At the end of our three days, supporting a volunteer-run medical centre with whom we had established contact seemed a highly effective way to use the fundraised money. Flo Downs spent time with the medical centre staff that now support the entire camp, comprised of three caravans offset from the camp’s ‘high street’ constantly surrounded by queues of people. She spoke to Dan who ran the centre who described how many of the camp’s residents suffer from persistent chest infections and colds, aches and pains, as well as lice, scabies and dental hygiene-related problems, and how the centre is completely out of medical resources which are infrequently donated. In response, Sarah Shone succeeded in emptying Calais’s pharmacies of as many of these items she could find. We donated 115 tubes of Bonjela 45 tubes of Ibuprofen gel, 40 lip salve sticks, 40 packs of throat lozenges, 18 bottles of cough syrup, 10 family size bottles of mouthwash and 5 multivitamin tubs to the centre.
James Scoon found ‘football to be the universal language that opened up conversations and overcame language barriers’ with his preferred method of introducing himself simply by asking ‘Manchester United?’. After medical supplies, our remaining money was spent on footballs, basketballs, hoops and goal posts that we thought may provide at least a little distraction from the boredom and challenges of day-to-day life in the ‘Jungle’. Recently I’m told in the past month Care4Calais have set up football tournaments that have been enormously popular with those in the camp, 90% of whom are male.
Our experiences, perspectives and takeaways of the Jungle, and indeed the refugee crisis as a whole, varied enormously. Flo Downs described her overall impression upon leaving the camp as mixed, ‘when considering the situation at large, it’s difficult not to feel hopeless. Aid continues to be stretched thin; and as short or long-term volunteers, at best, you can try to alleviate the symptoms of this problem but an actual solution is far, far from being in our hands.’ Isobel Phillips believes ‘the true tragedy of Calais is not only that these young men are living in poverty, but that their lives and homeland have been destroyed. If they had, by good fortune, been born within the EU these individuals would be your classmates, boyfriends and siblings, enjoying a satisfying and prosperous life. This, for me, was the crux of the issue. It wasn’t the desperate living conditions, or tales of police brutality and gang control that upset me, but the stifling half-lives the refugees I met had been confined to.’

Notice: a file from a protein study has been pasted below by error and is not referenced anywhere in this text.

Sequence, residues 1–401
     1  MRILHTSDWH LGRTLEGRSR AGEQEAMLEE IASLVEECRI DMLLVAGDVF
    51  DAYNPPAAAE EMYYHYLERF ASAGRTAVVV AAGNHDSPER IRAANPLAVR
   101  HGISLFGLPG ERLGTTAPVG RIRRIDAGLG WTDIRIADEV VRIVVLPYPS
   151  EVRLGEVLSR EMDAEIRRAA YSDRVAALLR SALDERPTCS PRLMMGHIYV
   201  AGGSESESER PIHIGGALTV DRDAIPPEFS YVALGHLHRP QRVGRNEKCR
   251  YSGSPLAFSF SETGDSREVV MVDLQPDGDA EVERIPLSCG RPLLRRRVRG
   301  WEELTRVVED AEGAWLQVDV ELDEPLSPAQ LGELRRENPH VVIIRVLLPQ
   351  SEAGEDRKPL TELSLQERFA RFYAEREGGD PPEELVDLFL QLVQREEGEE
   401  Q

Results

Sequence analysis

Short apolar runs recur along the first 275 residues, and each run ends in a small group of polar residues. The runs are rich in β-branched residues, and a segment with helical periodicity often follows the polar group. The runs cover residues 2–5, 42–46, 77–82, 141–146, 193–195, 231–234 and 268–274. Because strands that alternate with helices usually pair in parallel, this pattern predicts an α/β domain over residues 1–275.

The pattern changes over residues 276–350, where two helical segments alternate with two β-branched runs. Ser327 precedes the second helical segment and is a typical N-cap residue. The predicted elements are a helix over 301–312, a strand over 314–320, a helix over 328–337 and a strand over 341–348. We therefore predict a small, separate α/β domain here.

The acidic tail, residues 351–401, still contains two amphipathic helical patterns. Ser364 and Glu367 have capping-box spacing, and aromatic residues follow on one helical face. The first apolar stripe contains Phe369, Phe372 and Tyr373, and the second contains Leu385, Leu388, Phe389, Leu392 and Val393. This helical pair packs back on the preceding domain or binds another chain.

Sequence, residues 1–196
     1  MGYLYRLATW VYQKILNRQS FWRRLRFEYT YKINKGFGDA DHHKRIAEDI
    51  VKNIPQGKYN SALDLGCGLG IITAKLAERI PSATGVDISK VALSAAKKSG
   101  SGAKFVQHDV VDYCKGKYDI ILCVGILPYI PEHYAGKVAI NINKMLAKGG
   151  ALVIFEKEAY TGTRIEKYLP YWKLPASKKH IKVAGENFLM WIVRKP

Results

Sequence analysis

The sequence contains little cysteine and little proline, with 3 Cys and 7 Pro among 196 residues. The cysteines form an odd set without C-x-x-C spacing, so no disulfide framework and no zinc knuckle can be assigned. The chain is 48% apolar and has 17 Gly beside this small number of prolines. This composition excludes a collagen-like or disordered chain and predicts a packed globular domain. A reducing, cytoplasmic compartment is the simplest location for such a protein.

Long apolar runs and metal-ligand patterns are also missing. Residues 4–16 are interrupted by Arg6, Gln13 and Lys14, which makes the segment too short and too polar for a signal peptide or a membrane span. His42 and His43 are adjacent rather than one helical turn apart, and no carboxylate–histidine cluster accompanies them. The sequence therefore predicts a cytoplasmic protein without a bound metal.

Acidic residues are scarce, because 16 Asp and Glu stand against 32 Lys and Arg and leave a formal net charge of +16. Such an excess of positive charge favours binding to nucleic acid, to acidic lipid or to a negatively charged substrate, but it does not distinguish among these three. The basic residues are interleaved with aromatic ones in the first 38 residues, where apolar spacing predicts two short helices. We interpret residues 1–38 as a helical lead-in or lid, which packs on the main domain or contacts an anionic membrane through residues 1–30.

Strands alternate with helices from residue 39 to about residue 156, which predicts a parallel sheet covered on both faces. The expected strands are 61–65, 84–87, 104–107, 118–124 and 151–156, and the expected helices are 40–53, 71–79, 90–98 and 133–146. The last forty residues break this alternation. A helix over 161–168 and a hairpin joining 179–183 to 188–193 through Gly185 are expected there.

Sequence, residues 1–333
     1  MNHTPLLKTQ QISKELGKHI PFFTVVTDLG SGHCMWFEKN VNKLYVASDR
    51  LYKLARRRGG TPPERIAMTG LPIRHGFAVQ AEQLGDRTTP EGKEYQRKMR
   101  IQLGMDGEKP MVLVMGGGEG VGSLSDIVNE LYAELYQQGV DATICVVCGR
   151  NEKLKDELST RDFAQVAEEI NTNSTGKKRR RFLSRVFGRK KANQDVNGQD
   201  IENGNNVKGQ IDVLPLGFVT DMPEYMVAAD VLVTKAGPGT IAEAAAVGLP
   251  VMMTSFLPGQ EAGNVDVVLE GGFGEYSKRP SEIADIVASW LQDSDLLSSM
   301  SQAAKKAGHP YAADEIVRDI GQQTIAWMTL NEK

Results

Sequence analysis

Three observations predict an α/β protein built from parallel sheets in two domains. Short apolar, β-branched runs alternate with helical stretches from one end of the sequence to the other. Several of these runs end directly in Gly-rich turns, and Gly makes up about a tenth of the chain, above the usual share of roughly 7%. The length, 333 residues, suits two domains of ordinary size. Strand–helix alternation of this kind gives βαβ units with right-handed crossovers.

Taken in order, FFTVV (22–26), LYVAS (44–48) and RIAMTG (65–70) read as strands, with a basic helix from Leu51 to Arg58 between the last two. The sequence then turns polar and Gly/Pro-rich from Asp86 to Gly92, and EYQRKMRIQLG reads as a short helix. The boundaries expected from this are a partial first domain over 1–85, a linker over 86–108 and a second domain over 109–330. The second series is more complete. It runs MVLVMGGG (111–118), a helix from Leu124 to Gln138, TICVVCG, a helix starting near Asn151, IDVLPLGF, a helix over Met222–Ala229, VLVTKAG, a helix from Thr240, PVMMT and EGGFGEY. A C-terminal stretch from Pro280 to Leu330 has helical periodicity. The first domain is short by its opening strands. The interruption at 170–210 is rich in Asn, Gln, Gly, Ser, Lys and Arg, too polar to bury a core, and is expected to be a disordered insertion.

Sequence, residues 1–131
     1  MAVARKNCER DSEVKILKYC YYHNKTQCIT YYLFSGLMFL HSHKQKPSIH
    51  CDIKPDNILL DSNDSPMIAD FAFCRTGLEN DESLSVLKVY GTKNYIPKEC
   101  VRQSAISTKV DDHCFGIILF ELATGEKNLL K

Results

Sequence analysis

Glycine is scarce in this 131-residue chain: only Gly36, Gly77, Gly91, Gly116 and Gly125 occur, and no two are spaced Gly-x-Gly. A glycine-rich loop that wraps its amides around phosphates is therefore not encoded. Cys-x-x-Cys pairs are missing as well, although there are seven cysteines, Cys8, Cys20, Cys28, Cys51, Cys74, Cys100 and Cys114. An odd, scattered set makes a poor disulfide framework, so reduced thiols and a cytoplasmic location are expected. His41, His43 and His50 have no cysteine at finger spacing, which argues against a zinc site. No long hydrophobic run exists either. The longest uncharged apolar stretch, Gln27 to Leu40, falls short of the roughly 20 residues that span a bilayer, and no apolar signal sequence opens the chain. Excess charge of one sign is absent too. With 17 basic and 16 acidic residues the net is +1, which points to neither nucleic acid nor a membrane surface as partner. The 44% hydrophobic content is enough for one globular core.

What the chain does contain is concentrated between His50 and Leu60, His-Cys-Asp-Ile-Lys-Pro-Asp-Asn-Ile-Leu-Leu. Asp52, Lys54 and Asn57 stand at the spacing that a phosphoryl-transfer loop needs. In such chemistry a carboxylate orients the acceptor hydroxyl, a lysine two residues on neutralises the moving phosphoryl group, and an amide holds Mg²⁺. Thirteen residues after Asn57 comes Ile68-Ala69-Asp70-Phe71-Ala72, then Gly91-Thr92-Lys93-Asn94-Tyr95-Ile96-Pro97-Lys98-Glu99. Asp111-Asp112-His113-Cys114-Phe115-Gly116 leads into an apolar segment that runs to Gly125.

I am proud of the achievements of the Collect4Calais campaign, particularly in the engagement created within Brasenose and hard-work and insights of the crisis gained by volunteers. I would like to thank John Bowers, Sos Eltis and Julie Sturgess in particular for all their help and support with the project, and also Ufuk Ozturk and Elias Dinas for joining us in Calais. I am also left increasingly aware of the need to address the serious humanitarian issue of the European refugee crisis, of which Calais is only a small manifestation. The reality of the impact of aid work in comparison to the potential impact of a political solution and end to government and policy hostility was frustrating. I hope that Brasenose can continue to engage with the situation and pursue further aid projects in Calais. For example, I am looking forward to a series of talks on the crisis in Brasenose currently being organised by Leila Al-Izzi. For further information on the Calais crisis, interviews and volunteer experiences please visit http://collect4calais.wordpress.com.
By Fran Hine (3rd Year Geography)